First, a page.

Cortical information processing comprises various activity states emerging from timed synaptic excitation and inhibition. However, the underlying energy metabolism is widely unknown. We determined the cerebral metabolic rate of oxygen (CMRO2) along a tissue depth of <0.3 mm in the hippocampal CA3 region during various network activities, including gamma oscillations and sharp wave-ripples that occur during wakefulness and sleep. These physiological states associate with sensory perception and memory formation, and critically depend on perisomatic GABA inhibition. Moreover, we modelled vascular oxygen delivery based on quantitative microvasculature analysis. (1) Local CMRO2 was highest during gamma oscillations (3.4 mM/min), medium during sharp wave-ripples, asynchronous activity and isoflurane application (2.0-1.6 mM/min), and lowest during tetrodotoxin application (1.4 mM/min). (2) Energy expenditure of axonal and synaptic signaling accounted for >50% during gamma oscillations. (3) CMRO2 positively correlated with number and synchronisation of activated synapses, and neural multi-unit activity. (4) The median capillary distance was 44 µm. (5) The vascular oxygen partial pressure of 33 mmHg was needed to sustain oxidative phosphorylation during gamma oscillations. We conclude that gamma oscillations featuring high energetics require a hemodynamic response to match oxygen consumption of respiring mitochondria, and that perisomatic inhibition significantly contributes to the brain energy budget.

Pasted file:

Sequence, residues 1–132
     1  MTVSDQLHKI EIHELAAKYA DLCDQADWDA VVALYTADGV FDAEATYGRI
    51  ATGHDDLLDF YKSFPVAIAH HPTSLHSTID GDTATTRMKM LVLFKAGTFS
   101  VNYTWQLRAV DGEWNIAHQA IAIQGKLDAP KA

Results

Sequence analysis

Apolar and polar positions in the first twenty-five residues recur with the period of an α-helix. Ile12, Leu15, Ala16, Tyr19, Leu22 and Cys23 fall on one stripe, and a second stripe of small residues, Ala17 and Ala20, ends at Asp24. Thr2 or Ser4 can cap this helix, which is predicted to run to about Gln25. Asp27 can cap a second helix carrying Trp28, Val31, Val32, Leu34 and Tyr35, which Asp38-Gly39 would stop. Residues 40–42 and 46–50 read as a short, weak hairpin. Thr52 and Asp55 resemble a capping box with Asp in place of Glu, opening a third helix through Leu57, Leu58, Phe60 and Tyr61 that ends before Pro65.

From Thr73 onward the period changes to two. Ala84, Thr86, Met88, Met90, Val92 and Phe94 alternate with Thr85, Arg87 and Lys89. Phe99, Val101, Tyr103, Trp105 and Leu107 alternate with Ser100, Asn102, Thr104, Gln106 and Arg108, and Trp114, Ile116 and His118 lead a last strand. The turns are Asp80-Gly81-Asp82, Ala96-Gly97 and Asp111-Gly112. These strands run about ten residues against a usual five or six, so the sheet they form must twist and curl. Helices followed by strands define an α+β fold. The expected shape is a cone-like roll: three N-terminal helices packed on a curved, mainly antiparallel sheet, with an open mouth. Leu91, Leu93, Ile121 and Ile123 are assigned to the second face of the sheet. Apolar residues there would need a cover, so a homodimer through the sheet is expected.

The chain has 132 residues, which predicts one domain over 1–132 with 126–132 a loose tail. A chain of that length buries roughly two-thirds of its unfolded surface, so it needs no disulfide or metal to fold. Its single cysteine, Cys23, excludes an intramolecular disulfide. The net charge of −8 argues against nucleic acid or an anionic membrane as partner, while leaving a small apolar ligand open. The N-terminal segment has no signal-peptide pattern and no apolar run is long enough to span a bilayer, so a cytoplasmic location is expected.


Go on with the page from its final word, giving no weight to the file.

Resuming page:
Keywords: Brain slice; capillaries; electrophysiology; energy metabolism; mathematical modeling.